Control of malaria in Rwanda

25th April is, “World malaria day”, a day to remind people that still a tiny insect can cause havoc with people’s health and lives. I remember a conversation with a taxi driver in Kenya, while visiting as a tourist last year. He was pointing out different buildings including the public hospital.

25th April is, “World malaria day”, a day to remind people that still a tiny insect can cause havoc with people’s health and lives. I remember a conversation with a taxi driver in Kenya, while visiting as a tourist last year.

He was pointing out different buildings including the public hospital. I asked him about the severity of malaria in his area. His reply was that since mosquitoes are there to stay on mother earth, malaria is also going to stay.

This man like many others did not know that it is difficult but not impossible to conquer malaria.  Rwanda has demonstrated this to be possible. Yes mosquitoes are here but number of malaria cases and resulting deaths has reduced dramatically.

Malaria was one of the major killer diseases in Rwanda like in any other tropical developing country. It is said that in Africa, a child dies every 30 seconds because of malaria.

Poverty and malnourishment added to the morbidity and mortality. But today Rwanda stands apart from all other tropical countries in that it has succeeded in bringing malaria down.

Malaria in Rwanda is due to the deadly falciparum species of malarial parasite (parasite causing malaria). Before, the bulk of patients coming to the hospital were due to malaria.

But now the mortality due to malaria has dropped to only 7%, a dramatic 60% reduction in just over 2 years.

How has this been achieved? It has been possible due to the initiative of Ministry of health, resources provided by UNDP and Global Fund, committed work by doctors, health personnel down to the community level and active participation by motivated people.

It was indeed a challenging task. In a nation which faced a man made catastrophe, with meager resources at hand, aiming to control malaria seemed to be a far fetched dream.

Before 2005, the government had provided about 30,000 mosquito nets in a bid to fight against malaria. In 2005, after receiving the first grant from Global Fund, about 300,000 mosquito nets were supplied in communities.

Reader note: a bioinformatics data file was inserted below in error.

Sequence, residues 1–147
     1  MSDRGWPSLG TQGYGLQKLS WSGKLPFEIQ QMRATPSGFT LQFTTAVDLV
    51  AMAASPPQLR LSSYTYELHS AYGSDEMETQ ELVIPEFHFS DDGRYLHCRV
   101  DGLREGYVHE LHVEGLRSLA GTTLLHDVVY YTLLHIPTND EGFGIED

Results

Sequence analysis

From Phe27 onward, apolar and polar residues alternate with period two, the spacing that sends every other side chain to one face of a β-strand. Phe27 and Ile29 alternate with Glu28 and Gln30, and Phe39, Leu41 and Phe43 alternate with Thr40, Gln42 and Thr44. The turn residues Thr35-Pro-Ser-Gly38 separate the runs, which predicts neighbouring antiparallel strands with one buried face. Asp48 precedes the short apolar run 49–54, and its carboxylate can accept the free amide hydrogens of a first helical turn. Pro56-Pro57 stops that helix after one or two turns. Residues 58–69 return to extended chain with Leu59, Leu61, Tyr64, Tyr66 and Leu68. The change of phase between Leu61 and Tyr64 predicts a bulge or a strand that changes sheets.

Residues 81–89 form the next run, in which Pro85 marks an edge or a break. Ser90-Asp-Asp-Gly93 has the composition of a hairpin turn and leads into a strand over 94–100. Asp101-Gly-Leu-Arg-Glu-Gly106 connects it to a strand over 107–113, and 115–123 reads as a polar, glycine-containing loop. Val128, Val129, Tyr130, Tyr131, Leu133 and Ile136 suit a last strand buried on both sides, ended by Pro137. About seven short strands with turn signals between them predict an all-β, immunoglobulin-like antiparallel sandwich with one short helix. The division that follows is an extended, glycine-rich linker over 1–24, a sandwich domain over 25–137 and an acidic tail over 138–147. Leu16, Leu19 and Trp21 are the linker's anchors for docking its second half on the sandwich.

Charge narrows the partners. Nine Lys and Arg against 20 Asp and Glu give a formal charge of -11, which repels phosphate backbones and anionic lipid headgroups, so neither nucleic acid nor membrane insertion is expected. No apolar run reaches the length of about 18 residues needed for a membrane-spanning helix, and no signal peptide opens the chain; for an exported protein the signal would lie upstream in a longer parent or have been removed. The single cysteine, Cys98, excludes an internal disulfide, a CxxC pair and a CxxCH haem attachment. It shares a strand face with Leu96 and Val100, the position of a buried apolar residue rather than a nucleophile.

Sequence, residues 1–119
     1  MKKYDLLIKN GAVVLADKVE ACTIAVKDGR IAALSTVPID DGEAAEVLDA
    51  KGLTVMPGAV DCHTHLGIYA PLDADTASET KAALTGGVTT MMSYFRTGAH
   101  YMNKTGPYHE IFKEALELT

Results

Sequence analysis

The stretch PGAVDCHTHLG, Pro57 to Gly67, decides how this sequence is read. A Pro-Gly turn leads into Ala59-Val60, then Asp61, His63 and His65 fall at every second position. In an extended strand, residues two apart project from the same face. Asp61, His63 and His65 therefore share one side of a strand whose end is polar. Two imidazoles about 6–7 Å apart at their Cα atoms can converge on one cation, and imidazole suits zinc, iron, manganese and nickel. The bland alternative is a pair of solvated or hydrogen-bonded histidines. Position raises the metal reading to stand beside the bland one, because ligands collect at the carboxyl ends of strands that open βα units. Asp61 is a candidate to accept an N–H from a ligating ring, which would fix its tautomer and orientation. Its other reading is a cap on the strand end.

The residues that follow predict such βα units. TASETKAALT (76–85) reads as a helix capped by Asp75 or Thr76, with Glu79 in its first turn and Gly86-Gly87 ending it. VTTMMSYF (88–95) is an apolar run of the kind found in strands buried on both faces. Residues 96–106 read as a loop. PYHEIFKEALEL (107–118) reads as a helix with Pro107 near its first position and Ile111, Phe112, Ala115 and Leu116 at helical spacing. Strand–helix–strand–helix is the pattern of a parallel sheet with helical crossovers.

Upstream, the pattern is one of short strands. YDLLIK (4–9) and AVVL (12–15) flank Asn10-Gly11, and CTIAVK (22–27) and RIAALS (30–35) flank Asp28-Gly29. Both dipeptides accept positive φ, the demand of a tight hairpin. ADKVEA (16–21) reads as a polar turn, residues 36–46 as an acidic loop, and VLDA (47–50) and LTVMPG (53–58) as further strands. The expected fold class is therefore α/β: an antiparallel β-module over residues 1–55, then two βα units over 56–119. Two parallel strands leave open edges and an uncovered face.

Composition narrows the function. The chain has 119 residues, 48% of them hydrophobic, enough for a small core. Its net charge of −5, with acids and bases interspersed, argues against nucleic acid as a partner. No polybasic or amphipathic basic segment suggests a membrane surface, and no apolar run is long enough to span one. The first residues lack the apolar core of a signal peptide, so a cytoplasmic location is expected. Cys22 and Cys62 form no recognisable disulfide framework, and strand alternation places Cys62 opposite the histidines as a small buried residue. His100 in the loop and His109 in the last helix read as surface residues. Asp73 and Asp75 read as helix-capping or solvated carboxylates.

As more funds arrived, 1.4 million bed nets impregnated with long lasting insecticides (LLIN), were given to vulnerable populations, particularly children aged 6 months to 5 years. One can indeed imagine the herculean task involved in distribution of these nets in far flung remote areas in a hilly terrain.

In 2006, the ministry of health, introduced new and effective anti malarial drugs and withdrew drugs ineffective and now resistant to malaria from all public and private pharmacies and clinics.

This minimized the chances of people being exposed to drugs which are no longer efficacious against malaria.  Pregnant women were given medicines intermittently to make them less susceptible to malaria.

Community health workers were trained to provide home based management of fever. Tests and medicines for malaria were made available in health centers. Initiation of health insurance made the people utilize the available health facilities more.

Thus anti-malarial treatment became accessible for almost all and that too without having to travel far for it.

All these efforts were combined with extensive dissemination of education about malaria and its prevention among the public, even in remote rural areas.

People were sensitized about use of mosquito nets.  This was achieved by means of road side speeches, pamphlets, and campaign on radio.

Indoor spraying of insecticides was taken up, providing protection against malaria in over 190, 000 homes in vulnerable areas. 

It is common knowledge that stagnant water present in cesspools and ditches provides breeding ground for mosquitoes. One who has been around this nation, can truly appreciate how clean Kigali and other towns have become over the recent years.

This has been possible only through guidance by the leaders and motivation of the people. How can mosquitoes grow in such clean environment? Naturally their number and malaria caused by them will also decline.

Whatever cases of malaria are occurring now, will definitely reduce with more education of people and their economic development.

If the gains obtained are consolidated, Rwanda stands out as a model country in the world, which has achieved a seemingly difficult task of successfully controlling malaria.

Ends

ADVERTISEMENT